Web edition: October 14, 2004
Print edition: October 16, 2004; Vol.166 #16 (p. 255)
The cover type "Farewell to Hubble?" ("End of the Line for Hubble?" SN: 7/24/04, p. 56: http://www.sciencenews.org/articles/20040724/bob9.asp) makes me wonder why we haven't seen the headline "Farewell to the Current NASA Administrator?" The only reason I have heard for the cancellation of the planned servicing mission is "it's too dangerous." Almost anything worth accomplishing has some degree of danger associated with it. The administrator is just standing in the way of progress and scientific discovery for reasons that don't seem to be very well founded.
Avon Lake, Ohio
If we can build cars with robots and operate a machine on Mars, surely we can repair a telescope a few miles straight up. With a lead time of up to 10 years, if Hubble's orbit is stable and its equipment doesn't deteriorate, a package could be designed and rehearsed to do the job.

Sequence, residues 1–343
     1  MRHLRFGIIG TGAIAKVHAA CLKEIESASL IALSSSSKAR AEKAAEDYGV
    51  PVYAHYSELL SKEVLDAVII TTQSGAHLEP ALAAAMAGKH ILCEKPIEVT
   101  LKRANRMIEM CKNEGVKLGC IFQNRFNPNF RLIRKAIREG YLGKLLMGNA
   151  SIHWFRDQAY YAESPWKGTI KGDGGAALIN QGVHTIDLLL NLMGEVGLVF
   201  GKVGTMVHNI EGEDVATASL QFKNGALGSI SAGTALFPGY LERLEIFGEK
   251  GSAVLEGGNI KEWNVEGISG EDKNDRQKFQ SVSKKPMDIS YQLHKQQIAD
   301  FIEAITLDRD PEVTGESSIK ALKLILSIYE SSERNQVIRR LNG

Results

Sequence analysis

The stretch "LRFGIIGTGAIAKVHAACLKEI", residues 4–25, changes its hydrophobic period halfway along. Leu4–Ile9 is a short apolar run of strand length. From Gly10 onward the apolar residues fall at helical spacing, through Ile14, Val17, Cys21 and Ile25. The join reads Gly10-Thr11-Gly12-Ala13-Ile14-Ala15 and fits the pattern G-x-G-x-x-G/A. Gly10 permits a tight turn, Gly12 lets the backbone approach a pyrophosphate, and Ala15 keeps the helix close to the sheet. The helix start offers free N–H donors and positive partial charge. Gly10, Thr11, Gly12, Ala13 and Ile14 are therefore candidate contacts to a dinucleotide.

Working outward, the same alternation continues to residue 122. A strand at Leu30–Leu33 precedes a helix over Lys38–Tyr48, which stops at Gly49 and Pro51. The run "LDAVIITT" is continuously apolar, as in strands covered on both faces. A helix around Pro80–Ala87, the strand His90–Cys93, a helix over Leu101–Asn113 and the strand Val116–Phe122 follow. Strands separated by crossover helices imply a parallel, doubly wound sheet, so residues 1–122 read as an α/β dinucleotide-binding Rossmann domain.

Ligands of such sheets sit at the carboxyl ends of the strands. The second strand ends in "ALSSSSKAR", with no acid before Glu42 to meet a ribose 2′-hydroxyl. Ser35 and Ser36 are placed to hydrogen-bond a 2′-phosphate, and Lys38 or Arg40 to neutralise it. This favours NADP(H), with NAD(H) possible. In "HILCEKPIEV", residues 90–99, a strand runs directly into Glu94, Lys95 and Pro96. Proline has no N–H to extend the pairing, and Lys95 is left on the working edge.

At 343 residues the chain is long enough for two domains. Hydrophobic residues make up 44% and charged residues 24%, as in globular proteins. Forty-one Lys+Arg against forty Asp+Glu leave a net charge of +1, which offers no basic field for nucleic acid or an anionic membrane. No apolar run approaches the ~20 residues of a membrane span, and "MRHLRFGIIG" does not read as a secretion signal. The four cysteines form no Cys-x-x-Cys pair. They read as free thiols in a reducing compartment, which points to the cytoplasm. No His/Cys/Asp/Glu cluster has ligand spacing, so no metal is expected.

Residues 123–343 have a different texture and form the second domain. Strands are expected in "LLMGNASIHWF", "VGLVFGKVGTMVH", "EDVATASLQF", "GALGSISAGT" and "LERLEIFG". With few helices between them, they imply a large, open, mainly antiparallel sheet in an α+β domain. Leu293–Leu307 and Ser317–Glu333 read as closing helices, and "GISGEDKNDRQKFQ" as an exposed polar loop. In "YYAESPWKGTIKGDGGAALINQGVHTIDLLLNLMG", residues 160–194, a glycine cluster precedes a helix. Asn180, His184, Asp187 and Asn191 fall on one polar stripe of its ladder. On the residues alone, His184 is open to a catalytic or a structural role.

Those lamenting the loss of the Hubble telescope are missing an important part of today's business climate: outsourcing. We could ask the Russians, or maybe the Chinese, to bid on sending a team to repair the Hubble.
We have some $300 million worth of parts, but without a delivery system, that is so much scrap.
I have been puzzled at the consternation over the findings in "Suicide Watch: Antidepressants get large-scale inspection" (SN: 7/24/04, p. 51: http://www.sciencenews.org/articles/20040724/fob1.asp). It's common knowledge among people who treat patients with major depression that the time of greatest risk for suicide is when depression begins to lift. The person finally has more energy and mental focus but may still feel awful. Resolved never to feel so bad again, they use their increasing energy to plan and carry out suicides. Hence, one would predict that an effective antidepressant might well lead to increased suicide attempts early in treatment.